If any CRNA's do read this, please comment, too.
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  2. 9 Comments

  3. by   CIRQL8
    Wow!!

    All I can say, in my institution, we have anesthesia in house 24/7/365.

    Sorry you had to go through that...

    -Dave
  4. by   Stitchie
    You know when they start that "watch your tone" crap that it's 'them' getting defensive.

    We have anesthesia 24/7 also; if not an attending then a resident or moonlighter.
  5. by   carcha
    Hey, Calfax, time to go I'd say. What a dump.!
  6. by   NCgirl
    Oh my gosh, run like the wind!!! That hospital's admin needs to seriously evaluate why they're too freakin cheap to staff the hospital with a CRNA at all times....it's a lawsuit waiting to happen. You were right (if you want to keep your license) to refuse to be the anesthesia provider for that case. And please don't think all of us in anesthesia would catch attitude over that....I'm behind you all the way, even if it is only as a SRNA.
  7. by   BabyRN2Be
    Within the last month or so there was a thread over in OB/GYN nursing about a situation like this, and that they had to use conscious sedation for a c-section. Most agreed that they would never want to be a part of something like that again.

    I'm sorry that this happened to you, and it sounds like a good time to get out.
  8. by   Calfax
    Glad to hear there are like-minded people out there......

    However, for the sake of argument....let's say you had to do an emergent C-section......what would be the drug of choice for this? It would have to be fast acting, fast to wear off, and not affect the baby as much as possible. Also, if the mother's not hemodynamically stable.....what do you use then?

    My hunch would say Diprovan because it wears off so quick or maybe Etomidate.........but I don't know what the pregnancy catagories would be....have to cruise on over to the OB/GYN threads, thank you.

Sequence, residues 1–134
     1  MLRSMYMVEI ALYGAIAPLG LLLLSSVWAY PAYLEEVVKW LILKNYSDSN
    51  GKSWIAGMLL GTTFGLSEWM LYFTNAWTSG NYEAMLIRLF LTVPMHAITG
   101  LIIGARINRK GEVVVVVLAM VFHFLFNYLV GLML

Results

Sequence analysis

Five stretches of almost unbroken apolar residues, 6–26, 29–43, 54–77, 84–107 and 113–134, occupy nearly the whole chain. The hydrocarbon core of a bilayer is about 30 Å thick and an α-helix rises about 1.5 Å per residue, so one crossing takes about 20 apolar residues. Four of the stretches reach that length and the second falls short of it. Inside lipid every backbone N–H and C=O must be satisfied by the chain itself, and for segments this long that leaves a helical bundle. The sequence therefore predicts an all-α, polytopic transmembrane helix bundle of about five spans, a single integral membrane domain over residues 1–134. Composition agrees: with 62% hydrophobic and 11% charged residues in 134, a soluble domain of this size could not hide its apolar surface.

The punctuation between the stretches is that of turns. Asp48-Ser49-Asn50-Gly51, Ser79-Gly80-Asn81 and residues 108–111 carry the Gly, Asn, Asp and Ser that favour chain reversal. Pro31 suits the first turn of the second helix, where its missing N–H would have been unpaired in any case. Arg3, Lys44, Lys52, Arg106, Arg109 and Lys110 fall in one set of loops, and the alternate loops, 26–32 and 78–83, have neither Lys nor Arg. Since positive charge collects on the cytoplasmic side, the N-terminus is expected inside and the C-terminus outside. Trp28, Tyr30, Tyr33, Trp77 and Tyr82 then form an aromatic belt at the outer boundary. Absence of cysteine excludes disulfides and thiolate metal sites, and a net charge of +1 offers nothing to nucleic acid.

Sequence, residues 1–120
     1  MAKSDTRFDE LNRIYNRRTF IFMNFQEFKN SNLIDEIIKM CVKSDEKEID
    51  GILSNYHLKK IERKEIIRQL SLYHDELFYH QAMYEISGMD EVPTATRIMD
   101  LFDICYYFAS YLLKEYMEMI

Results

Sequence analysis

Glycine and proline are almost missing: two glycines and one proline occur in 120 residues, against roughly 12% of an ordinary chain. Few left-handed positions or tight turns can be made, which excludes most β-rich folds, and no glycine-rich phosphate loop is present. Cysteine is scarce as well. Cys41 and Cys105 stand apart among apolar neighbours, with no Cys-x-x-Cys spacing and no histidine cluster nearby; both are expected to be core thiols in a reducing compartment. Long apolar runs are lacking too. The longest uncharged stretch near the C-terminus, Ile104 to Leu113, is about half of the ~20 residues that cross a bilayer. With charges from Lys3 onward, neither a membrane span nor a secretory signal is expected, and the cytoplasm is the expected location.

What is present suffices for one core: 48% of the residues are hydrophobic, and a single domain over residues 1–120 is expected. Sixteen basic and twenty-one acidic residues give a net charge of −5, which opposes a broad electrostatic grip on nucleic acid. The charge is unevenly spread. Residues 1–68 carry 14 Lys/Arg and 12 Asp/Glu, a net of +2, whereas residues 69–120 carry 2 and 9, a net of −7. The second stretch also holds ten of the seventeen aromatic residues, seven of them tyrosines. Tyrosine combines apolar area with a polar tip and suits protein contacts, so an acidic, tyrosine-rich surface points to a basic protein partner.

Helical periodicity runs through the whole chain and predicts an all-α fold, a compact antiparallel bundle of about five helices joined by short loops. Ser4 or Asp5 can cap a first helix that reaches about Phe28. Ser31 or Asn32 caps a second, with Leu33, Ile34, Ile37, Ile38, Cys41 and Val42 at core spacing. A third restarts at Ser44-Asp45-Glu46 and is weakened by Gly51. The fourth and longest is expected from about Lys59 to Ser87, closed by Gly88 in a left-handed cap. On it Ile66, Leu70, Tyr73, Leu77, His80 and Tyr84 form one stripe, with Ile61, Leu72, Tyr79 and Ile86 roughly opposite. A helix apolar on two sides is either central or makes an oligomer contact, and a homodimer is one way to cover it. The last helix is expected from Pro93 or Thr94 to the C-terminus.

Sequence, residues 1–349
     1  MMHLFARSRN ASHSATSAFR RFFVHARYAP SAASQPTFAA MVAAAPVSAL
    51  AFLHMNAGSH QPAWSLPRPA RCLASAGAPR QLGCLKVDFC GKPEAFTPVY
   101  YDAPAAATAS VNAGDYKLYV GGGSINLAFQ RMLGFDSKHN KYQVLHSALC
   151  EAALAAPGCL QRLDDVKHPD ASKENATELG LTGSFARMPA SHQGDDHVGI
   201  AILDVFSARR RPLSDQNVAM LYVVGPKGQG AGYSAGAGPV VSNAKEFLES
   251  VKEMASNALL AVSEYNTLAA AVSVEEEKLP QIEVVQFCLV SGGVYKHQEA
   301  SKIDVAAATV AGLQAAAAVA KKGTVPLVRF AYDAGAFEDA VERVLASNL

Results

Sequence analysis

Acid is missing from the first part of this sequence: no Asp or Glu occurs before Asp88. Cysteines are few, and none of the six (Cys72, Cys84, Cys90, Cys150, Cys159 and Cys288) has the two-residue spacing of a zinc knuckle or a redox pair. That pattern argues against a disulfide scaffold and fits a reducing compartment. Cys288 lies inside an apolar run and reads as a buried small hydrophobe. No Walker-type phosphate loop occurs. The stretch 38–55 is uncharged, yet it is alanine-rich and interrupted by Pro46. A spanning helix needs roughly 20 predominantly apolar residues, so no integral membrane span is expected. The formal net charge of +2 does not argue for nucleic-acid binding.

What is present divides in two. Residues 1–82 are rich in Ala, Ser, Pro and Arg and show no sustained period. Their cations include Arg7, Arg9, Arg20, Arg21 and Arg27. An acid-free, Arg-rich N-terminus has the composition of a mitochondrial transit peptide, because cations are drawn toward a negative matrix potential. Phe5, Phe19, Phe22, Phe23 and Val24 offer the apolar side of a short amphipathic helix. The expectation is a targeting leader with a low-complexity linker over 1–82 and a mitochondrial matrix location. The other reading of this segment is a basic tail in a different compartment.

9. by   luanne123
    WOW, that totally sucks. Don't forget to send a copy of your letters to the state board of Nursing. Would be interestong to hear what they have to say.
  10. by   LynneCRNA
    You were right to refuse. I was taught that if there was a crash section and anesthesia wasn't available, the OB can do the procedure under local. Can you imagine the outcome had the pt. been "con. sedated" and lost her airway or aspirated? In my hospital there is a CRNA and MDA in house, with backup call at home. But, in many small hospitals, call is taken from home and each hospital establishes how quickly the response time should be. Usually 30 min. or less.
  11. by   veetach
    WOW! What a nightmare! First I would like to say that you did the right thing. I am con-sed credentialed also, but would never EVER give con-sed for a general surgical procedure. That is way out of our scope of practice and I can guarantee you that no one would attempt to support you if something went wrong.

    In our hospital, situations like this are handled by the house supervisor. Anesthesia is called in. They usually dont like it, if it is after 9:00pm but thats their problem. They are required to come in.

    I think that resident should have been a little bit more in control of the situation and called Anesthesia in sooner than he did. Thank goodness the outcome was good.